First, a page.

Starting a Step Ahead
If you're not up to the task of tackling roadblocks head-on, consider going around them by buying an existing business instead of starting a new one. Of course, you probably won't find the exact business you would have started, but you'll be able to make changes to the company you buy once you've taken it over. And buying a business instead of starting one means you'll have an operation that's already staffed; an existing customer base and, therefore, cash flow; a proven track record; a relationship with insurance companies and other benefit providers; and established deals with suppliers.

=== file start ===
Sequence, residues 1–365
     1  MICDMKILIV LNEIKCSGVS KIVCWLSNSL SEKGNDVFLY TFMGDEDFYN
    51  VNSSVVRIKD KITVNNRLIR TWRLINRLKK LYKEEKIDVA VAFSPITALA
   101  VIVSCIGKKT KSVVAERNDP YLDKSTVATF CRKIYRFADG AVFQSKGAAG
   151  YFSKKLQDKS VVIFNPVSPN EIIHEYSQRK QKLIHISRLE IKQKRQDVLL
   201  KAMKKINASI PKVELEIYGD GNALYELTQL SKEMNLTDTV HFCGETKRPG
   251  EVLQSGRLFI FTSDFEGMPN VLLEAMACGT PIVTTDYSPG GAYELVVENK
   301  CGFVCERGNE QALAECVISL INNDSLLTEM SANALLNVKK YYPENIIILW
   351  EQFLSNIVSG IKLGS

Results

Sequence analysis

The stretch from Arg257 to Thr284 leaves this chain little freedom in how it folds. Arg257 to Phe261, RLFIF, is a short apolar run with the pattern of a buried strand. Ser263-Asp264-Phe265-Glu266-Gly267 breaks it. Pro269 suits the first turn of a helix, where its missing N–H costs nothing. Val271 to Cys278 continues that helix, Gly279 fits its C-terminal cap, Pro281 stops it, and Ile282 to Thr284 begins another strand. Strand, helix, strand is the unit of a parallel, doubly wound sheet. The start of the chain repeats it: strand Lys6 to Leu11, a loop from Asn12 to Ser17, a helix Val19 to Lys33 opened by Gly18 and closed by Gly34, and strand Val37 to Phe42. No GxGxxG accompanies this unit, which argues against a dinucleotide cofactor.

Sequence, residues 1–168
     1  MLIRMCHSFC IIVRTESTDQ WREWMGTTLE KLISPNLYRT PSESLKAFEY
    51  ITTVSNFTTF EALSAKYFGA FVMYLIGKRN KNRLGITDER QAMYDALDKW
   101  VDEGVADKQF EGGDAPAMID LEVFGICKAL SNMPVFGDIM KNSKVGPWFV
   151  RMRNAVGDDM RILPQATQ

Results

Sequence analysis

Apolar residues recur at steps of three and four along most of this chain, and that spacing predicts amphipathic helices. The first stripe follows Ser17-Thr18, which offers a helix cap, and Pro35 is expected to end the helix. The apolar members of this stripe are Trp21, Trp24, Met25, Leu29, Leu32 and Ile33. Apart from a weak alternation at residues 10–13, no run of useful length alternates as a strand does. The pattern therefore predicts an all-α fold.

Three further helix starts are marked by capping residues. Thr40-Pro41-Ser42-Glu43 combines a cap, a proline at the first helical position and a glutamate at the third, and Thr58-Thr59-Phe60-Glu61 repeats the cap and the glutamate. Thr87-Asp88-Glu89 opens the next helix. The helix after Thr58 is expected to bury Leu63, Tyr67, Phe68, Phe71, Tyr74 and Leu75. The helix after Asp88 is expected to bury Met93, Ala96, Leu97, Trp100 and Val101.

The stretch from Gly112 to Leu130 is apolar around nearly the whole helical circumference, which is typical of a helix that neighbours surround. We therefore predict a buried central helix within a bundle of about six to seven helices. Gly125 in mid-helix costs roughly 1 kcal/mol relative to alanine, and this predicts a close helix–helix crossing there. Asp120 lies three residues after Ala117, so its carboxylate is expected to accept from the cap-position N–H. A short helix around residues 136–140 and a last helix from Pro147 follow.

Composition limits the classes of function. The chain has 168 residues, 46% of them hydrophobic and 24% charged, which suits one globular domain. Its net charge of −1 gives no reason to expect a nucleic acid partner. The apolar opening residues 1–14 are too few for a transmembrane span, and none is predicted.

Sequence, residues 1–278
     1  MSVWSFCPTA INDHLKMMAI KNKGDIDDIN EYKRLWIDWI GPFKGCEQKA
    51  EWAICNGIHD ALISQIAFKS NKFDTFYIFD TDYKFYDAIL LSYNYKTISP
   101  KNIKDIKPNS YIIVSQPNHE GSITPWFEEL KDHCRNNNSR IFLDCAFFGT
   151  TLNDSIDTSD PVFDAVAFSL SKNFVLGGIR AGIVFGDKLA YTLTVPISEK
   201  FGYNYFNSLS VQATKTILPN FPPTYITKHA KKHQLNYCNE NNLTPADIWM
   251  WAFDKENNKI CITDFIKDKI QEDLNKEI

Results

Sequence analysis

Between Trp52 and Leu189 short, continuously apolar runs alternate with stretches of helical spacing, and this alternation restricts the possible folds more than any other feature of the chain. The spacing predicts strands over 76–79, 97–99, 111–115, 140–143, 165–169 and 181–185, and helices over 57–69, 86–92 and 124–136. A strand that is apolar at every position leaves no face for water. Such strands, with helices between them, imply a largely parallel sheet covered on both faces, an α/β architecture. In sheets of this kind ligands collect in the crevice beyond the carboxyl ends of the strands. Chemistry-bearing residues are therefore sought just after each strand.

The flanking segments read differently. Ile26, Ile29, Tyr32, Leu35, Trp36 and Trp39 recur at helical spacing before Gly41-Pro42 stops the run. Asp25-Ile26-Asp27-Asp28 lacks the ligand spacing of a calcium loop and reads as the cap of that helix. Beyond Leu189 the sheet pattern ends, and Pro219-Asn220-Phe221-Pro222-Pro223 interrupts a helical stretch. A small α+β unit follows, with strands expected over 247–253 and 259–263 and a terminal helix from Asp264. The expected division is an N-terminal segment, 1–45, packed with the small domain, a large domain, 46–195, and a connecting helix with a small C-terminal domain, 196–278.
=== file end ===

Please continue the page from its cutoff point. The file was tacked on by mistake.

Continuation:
Businesses go up for sale for a variety of reasons. Sometimes they're not doing well and the owner wants out. But in many cases, the companies are profitable and up for sale because the owner wants to retire or has passed away, or the entrepreneur simply wants to start something new.
A key drawback to buying an existing business is that it typically takes more cash than starting from scratch. Also, when you buy a company's assets, you may get stuck with at least some of its liabilities. But you'll have the opportunity to study the operation, negotiate the terms of the deal and avoid a wide range of start-up challenges on your path to business ownership.
- Oklahoma Small Business Development Center, (405) 232-1968, firstname.lastname@example.org
- Professional Software Consulting, Inc., 823 Camargo Wy., #108, Altamonte Springs, FL 32714, email@example.com
- SwimJim Inc., (212) 749-7335, firstname.lastname@example.org